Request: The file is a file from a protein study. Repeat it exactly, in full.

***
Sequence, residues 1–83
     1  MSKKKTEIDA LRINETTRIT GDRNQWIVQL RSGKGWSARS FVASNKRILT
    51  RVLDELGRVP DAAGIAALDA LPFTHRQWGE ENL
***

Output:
Sequence, residues 1–83
     1  MSKKKTEIDA LRINETTRIT GDRNQWIVQL RSGKGWSARS FVASNKRILT
    51  RVLDELGRVP DAAGIAALDA LPFTHRQWGE ENL